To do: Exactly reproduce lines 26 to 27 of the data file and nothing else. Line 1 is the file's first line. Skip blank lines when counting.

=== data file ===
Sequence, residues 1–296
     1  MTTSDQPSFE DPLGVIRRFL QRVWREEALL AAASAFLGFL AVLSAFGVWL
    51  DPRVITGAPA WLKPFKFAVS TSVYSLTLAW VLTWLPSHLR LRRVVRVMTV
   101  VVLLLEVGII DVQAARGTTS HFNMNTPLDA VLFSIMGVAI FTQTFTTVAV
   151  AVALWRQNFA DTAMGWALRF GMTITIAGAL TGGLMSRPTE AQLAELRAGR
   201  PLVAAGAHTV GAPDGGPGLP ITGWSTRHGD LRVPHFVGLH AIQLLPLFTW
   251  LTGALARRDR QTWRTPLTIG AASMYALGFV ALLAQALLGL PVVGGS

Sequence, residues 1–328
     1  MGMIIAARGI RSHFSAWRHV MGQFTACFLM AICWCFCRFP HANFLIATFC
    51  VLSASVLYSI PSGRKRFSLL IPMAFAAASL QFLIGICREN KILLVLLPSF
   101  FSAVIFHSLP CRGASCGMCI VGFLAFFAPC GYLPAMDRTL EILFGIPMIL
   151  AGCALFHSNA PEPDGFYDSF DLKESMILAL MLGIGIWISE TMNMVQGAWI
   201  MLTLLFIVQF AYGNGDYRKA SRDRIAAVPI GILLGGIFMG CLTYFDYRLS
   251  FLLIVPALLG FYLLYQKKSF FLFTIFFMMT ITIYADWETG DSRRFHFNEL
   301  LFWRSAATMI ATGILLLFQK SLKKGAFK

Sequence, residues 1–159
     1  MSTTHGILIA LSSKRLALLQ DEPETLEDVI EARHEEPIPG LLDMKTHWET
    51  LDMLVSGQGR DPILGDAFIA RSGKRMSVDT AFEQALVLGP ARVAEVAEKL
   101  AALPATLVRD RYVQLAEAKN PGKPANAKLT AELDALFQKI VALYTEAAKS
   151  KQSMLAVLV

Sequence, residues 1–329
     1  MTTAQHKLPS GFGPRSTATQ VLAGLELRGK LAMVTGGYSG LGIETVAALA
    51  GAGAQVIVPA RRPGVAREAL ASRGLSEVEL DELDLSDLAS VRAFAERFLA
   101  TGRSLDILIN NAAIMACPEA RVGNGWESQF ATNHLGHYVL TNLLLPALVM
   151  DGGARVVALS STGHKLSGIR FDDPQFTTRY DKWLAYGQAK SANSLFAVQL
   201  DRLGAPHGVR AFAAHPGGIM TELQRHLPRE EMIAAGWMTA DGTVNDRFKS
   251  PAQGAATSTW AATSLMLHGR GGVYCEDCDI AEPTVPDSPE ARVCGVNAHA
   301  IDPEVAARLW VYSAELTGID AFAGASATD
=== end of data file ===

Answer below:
   201  DRLGAPHGVR AFAAHPGGIM TELQRHLPRE EMIAAGWMTA DGTVNDRFKS
   251  PAQGAATSTW AATSLMLHGR GGVYCEDCDI AEPTVPDSPE ARVCGVNAHA